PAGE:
Poll: Residents say MBTA is unsafe and service isn't great either

An MBTA Blue Line train at the Orient Heights Station. (Robin Lubbock/WBUR)
An MBTA Blue Line train at the Orient Heights Station. (Robin Lubbock/WBUR)

Most Greater Boston residents feel unsafe riding the MBTA and give the transit system's service low ratings, according to a new poll released Wednesday by the MassINC Polling Group.

The poll, which was sponsored by the Barr Foundation, found 70% of current and former riders have felt unsafe at least once or twice due to the condition of buses, trains, stations and other infrastructure. A similar amount of respondents said they felt unsafe for other reasons, which could relate to personal safety or crime, according to MassINC senior research director Rich Parr.

"The safety issue is kind of a baseline thing that the T needs to provide to people," Parr said. "They need to think that they're going to be safe when they're riding the T."

The beleaguered transit system has suffered from years of disinvestment and deferred maintenance. That has led to a number of safety issues, including deteriorated tracks that forced the agency to implement slow zones across the system this year.

Concerns about safety seem to factor into the overall ratings of MBTA services. According to the poll, only 28% of respondents rate the quality of the subway and trolley service as at least good. And 35% said the quality of bus service was at least good. Meanwhile, the commuter rail had more positive ratings — 42% rate it as good to excellent.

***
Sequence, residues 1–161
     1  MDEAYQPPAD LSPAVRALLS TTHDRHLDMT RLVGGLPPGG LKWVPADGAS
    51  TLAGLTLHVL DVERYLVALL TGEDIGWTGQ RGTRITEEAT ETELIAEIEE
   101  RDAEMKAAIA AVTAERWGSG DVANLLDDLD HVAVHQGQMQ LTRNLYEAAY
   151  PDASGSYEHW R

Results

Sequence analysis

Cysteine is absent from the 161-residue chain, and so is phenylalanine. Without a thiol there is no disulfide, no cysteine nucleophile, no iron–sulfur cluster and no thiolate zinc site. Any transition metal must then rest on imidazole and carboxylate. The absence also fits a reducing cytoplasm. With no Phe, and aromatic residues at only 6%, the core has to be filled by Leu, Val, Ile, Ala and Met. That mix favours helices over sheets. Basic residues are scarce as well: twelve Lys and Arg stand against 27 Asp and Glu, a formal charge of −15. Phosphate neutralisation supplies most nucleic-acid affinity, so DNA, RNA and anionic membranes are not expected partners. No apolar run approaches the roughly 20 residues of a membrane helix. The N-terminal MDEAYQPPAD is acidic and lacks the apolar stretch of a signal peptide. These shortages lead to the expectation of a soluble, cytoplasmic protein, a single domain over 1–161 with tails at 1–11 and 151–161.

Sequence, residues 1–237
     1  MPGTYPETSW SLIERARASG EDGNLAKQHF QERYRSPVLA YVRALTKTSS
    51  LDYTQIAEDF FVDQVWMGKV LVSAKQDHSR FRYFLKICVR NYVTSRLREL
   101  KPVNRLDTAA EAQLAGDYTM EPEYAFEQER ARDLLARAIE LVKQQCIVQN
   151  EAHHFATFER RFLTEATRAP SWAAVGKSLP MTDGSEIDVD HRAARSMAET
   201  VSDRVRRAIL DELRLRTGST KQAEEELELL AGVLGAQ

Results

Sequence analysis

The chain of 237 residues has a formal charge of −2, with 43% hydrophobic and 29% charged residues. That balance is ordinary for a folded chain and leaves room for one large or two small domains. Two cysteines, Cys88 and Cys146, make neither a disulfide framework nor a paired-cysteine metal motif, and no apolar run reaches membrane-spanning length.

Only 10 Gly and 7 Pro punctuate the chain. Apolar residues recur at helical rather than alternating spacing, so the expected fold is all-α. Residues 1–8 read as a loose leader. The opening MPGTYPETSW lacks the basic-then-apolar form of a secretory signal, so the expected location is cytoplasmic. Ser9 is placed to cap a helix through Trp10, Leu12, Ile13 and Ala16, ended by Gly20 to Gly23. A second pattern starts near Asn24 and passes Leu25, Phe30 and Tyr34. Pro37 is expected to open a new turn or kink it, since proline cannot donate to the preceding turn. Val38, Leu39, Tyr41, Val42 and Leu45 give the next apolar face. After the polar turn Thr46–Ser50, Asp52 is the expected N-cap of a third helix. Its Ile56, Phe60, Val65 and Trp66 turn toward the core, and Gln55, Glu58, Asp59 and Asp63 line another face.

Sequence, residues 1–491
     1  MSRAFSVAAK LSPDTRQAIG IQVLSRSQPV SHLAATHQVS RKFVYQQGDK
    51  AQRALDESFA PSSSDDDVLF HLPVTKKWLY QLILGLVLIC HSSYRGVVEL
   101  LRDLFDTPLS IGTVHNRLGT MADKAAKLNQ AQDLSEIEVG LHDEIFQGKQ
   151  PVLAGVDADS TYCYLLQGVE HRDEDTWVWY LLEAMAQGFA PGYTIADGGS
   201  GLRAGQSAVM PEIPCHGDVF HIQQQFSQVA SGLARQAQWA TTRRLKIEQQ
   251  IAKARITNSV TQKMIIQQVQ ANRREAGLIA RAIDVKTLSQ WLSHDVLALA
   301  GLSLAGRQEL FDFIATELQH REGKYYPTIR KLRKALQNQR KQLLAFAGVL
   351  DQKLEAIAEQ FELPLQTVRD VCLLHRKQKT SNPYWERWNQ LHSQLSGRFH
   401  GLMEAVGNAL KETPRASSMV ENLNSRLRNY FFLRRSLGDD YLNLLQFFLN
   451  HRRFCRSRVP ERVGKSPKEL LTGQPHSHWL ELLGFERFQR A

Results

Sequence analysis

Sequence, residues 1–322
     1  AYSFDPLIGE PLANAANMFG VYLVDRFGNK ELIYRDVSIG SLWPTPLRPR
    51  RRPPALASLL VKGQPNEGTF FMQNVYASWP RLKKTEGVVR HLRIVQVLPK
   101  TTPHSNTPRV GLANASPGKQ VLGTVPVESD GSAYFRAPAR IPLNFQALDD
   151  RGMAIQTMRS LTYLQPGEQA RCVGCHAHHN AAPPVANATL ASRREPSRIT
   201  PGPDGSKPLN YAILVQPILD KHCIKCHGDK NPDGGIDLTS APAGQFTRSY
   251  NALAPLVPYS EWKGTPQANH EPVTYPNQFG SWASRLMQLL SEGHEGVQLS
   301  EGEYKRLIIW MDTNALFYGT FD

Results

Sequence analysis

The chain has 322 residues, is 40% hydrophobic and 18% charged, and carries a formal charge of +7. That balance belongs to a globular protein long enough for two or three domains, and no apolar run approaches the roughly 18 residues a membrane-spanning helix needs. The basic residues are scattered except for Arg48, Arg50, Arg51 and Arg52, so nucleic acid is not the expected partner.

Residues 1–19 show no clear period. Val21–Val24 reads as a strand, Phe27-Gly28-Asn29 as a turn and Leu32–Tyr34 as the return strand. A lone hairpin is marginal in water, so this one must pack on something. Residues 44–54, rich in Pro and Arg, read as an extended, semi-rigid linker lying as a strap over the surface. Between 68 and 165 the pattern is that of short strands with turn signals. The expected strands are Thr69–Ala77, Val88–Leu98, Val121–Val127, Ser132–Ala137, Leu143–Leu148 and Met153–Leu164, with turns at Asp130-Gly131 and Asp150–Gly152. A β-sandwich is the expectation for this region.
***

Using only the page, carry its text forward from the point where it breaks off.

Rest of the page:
MassINC Polling Group surveyed 1,000 residents in the 175 communities served by the MBTA. Those surveyed included regular riders, former riders and non-riders. The survey was conducted in mid-August. That's before the T announced a partial Red Line shutdown this fall and before the agency released a safety report that found organizational failures led to the slow zones and other subway issues this year.

As the MBTA continues its work to improve service, people are pretty divided about the future of the transit system. The MassINC poll found 45% of respondents think the T will be better in 10 years. However, roughly as many people — 46% — think the T will stay the same or get worse.

"When you're starting from a relatively low place, being the same is not necessarily a great place to be," Parr said.

The poll also noted that ridership on the system hasn't returned to pre-pandemic levels. When respondents were asked why they are riding the T less, the top reasons cited were: working from home, choosing another mode of transportation, and concerns about the speed and reliability of service.

Parr said some of these things the T can't control and will likely make it hard for the agency to get back to pre-pandemic ridership numbers.

But there were two main things respondents said would get them to ride the T more: Free rides and more reliable service. More than half of residents said this would make them more likely to use the transit system.

"It looks like the opportunity for the T is really among getting their current riders to ride more often and to get some of these former riders to come back," Parr said.


Zeninjor Enwemeka Senior Business Reporter
Zeninjor Enwemeka is a senior business reporter who covers business, tech and culture as part of WBUR's Bostonomix team, which focuses on the innovation economy.



More from WBUR

Listen Live